UiPath Review

Enables us to shift activity nobody enjoys onto a robot and lets staff focus on the stuff they've been trained to do

What is our primary use case?

Originally, we were using UiPath to draft documents and send emails on mass to where we had large communication exercises. We used a robot instead of a small army of paralegals to generate the documentation and draft up the emails where we had to communicate with 2,000 to 3,000 people. It was a little bit more involved than just doing a standard mail merge, but we were able to use UiPath to create a number of documents and email it to an individual customer all through a central email address.

Fast forward to where we are now, we have a few of these things focusing in on what we call post-completion activity, like the things you do after you sign a contract. So, it may be you're uploading it to the client's contract management system, applying stamps, or registering the contracts in an official register. The robot is able to do that for us post-completion. Those are our primary use cases at the moment. We're looking at more data integrity type stuff, like comparing our internal data sources against public record.

How has it helped my organization?

The ability to displace some activity that was traditionally on our paralegal team has improved my organization. We're an outsourced managed legal services provider. We're primarily a people-based business and UiPath displaces some activity off those paralegals and brings in automation. For me, it becomes an additional type of resource. The long and short of it is that we are able to move work that was traditionally done by people and would be charged at a rate, off to automation where we can bring the costs down. It enables us to reduce our running costs of our clients. A single bot running post-completion has saved as two FTEs.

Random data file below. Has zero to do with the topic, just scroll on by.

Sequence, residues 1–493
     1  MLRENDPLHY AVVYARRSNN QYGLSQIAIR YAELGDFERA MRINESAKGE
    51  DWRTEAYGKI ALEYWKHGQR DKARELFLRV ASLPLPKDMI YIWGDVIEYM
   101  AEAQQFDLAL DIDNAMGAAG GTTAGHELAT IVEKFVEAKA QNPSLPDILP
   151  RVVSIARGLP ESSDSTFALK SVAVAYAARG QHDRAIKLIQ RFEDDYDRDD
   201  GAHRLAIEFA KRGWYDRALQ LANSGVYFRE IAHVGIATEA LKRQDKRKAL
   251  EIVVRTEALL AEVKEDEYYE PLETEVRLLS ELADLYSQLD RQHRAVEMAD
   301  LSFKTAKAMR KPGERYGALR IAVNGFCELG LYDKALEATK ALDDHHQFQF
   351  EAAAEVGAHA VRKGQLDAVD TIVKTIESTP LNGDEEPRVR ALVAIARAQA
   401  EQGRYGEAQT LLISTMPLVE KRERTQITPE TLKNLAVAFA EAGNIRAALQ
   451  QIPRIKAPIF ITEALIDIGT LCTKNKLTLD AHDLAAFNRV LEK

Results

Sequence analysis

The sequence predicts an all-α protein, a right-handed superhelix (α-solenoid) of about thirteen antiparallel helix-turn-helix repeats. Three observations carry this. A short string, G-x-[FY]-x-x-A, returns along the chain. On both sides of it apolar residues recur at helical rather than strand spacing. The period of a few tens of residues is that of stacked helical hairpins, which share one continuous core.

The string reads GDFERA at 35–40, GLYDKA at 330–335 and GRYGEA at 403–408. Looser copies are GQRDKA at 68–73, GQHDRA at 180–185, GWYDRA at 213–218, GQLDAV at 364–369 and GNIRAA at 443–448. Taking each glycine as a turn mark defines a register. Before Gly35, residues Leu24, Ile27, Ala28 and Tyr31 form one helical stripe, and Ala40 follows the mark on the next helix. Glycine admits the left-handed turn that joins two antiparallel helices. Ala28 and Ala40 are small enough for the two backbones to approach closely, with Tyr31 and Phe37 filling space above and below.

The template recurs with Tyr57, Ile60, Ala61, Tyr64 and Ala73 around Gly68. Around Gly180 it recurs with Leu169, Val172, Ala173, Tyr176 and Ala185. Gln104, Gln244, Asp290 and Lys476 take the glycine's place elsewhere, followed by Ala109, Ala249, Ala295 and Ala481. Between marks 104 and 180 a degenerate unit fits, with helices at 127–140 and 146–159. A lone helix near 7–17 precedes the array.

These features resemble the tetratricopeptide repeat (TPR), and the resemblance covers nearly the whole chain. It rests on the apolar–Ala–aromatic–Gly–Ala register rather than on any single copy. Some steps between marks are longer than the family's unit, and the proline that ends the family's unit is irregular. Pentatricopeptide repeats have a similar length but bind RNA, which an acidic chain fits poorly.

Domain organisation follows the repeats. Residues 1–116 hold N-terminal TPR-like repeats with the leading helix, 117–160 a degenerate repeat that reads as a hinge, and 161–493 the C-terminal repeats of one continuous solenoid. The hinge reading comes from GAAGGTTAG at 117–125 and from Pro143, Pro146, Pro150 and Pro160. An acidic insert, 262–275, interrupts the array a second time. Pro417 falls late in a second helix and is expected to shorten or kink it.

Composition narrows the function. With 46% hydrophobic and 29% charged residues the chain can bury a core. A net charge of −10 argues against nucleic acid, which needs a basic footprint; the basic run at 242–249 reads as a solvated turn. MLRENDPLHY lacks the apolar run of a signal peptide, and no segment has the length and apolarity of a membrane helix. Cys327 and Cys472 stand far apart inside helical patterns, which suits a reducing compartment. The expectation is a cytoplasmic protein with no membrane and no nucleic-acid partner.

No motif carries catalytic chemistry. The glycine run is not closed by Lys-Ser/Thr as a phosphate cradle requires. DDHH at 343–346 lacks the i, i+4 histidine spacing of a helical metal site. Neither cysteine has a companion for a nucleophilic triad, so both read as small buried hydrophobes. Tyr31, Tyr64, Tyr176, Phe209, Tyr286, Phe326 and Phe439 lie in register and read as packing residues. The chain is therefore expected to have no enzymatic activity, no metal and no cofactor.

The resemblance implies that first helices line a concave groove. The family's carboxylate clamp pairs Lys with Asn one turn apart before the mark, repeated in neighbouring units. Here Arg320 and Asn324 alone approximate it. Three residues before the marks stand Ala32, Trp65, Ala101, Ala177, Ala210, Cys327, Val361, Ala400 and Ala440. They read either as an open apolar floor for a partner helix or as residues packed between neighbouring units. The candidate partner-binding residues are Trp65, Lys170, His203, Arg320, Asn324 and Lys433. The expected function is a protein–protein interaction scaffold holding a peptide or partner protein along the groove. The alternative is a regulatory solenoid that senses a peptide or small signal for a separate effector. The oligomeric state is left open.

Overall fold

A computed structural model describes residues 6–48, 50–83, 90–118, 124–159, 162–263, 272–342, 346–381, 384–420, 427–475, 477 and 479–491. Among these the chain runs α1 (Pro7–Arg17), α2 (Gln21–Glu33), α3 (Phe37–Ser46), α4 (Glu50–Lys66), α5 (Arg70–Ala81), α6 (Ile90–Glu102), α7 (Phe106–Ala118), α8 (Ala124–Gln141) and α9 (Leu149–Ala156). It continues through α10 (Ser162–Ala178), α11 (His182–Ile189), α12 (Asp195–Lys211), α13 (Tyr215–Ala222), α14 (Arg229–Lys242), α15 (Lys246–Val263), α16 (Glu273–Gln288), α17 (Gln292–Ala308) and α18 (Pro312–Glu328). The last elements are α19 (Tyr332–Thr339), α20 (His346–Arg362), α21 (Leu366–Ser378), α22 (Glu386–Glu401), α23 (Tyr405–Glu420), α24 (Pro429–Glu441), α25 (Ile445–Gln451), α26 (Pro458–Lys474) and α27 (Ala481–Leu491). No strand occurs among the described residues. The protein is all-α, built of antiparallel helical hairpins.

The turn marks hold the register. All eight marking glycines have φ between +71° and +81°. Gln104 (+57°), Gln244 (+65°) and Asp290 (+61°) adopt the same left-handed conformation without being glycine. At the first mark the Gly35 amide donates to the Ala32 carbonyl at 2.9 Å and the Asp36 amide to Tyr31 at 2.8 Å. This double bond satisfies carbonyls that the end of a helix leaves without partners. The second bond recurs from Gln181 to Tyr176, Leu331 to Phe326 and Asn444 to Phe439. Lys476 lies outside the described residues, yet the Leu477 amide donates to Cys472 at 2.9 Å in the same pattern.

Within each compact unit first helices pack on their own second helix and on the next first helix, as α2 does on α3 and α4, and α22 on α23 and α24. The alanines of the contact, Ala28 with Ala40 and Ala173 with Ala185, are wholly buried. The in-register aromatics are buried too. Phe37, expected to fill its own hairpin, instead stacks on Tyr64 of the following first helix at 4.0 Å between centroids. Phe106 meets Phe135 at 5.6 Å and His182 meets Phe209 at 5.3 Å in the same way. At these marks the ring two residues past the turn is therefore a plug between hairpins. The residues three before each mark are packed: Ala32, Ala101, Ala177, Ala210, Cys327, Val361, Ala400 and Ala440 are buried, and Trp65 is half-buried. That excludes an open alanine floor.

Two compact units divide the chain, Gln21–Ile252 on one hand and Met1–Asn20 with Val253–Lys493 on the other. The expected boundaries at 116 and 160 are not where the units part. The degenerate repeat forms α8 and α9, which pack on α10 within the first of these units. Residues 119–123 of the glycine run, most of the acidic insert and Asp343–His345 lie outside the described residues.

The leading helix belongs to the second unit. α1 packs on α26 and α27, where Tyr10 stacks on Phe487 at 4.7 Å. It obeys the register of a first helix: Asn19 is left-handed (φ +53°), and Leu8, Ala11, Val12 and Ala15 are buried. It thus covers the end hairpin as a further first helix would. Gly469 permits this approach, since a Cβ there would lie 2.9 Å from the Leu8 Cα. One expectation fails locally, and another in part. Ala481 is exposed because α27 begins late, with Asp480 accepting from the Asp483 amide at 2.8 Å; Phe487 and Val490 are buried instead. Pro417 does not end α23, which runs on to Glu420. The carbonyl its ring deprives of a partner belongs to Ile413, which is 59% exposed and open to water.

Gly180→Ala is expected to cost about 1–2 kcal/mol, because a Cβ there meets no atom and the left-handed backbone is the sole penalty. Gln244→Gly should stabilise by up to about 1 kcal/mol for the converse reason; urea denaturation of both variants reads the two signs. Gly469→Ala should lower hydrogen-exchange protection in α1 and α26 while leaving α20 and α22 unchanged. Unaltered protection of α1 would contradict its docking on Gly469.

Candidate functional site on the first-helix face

UiPath has helped to speed up case resolutions in a couple of ways. It's focused on doing particular jobs, so it achieves the job faster. People don't need to complete an entire task end to end. They can stop at a certain point and the robot takes over. That allows a person to get through more work. Also, the fact that the robots are able to do this stuff overnight 24/7, means that we have more capacity to do stuff.

It gives us the ability to respond to clients. It gives us an option in how we're going to automate work for clients. It's hard to say if it has reduced the cost of our digital transformation because we deal with all the people. I suspect it hasn't done it internally, but suspect that has made some things cheaper for our clients. It enables us to deliver digital services cheaper for our clients.